Does procrastination = resistance?
January 19, 2012 § 3 Comments
Some call it procrastination. Author Steven Pressfield (Gates of Fire, The Legend of Begger Vance, Tides of War) calls it “Resistance.” Yes, I’m reading his book “The War of Art” and it’s very insightful on how to break through the blocks and win your inner creative battles. As writers we always find reasons not to write. As I wrote in an earlier article, the house has never been so clean when I’ve had to sit down and face the blank page.
Once you become a professional and a producer is paying you to write a script under a deadline, your dream suddenly becomes real and now you are in the thick of it. The voices of fear can scream loudly and at times can even be deafening. You may worry about doing your best on the project or maybe keep asking yourself, “can I really execute this like they think I can? Can I really pull this off?”
Pressfield writes: “A professional acts in the face of fear. The amateur believes he must first overcome his fear; then he can do his work. The professional knows that fear can never be overcome. He knows there is no such thing as a fearless warrior or a dread-free artist. What Henry Fonda does, after puking into the toilet in his dressing room, is to clean up and march out onstage. He’s still terrified, but he forces himself forward in spite of his terror. He knows that once he gets out into the action, his fear will recede and he’ll be okay.”
How many times as writers did we face the dread of working on a new project. I mean the idea of a new project is dandy, it’s something we all want and dream about, right? Ah, but there’s that pesky execution part where you really must deliver the goods. It’s not just in your head anymore; it needs to be on the page.
I’m always a bundle of nerves before I start on a new script, as it’s unchartered territory and perhaps it will challenge me to the very essence of my ability. Even after 26 feature screenplays, it’s still a new experience every time out. I ask myself, “When I go back to the well this time, will there be something there?” I think all artists fear the loss of their creative edge and fear that maybe THIS time, it’s really over. You’ve escaped being discovered as a fraud for years — until now! They have you in their sights and will pull the trigger.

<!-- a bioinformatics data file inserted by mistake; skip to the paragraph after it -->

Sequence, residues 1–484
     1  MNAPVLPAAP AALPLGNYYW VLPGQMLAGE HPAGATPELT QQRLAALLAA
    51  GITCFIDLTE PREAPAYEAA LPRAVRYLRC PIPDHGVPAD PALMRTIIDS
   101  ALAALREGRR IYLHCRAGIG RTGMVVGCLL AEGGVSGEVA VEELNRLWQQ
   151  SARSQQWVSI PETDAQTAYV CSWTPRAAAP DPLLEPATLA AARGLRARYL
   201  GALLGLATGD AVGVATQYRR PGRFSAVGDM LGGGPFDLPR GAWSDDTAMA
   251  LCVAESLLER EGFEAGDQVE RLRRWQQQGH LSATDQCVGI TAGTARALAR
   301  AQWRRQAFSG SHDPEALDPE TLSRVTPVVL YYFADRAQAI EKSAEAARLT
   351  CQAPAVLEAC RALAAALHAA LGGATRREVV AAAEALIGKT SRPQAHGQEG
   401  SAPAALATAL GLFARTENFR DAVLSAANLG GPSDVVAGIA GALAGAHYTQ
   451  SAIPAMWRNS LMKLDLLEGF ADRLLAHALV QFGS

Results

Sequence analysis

Pressfield goes on to write, “The amateur, underestimating Resistance’s cunning, permits the flu to keep him from chapters; he believes the serpent’s voice in his head that says mailing off the manuscript is more important than doing the day’s work. The professional has learned better. He respected Resistance. He knows that if he caves in today, no matter how plausible the pretext, he’ll be twice likely to cave in tomorrow. The professional knows that Resistance is like a telemarketer; if you so much as say hello, you’re finished. The pro doesn’t even pick up the phone. He stays at work.”
Indeed. If you’re not doing it after reading this post — sit down and write something. I did last week and wrote 31 pages in two days. It can happen. Just do it!
“The easiest thing to do on earth is not write.” — William Goldman
“Don’t get it right, just get it written.” — James Thurber
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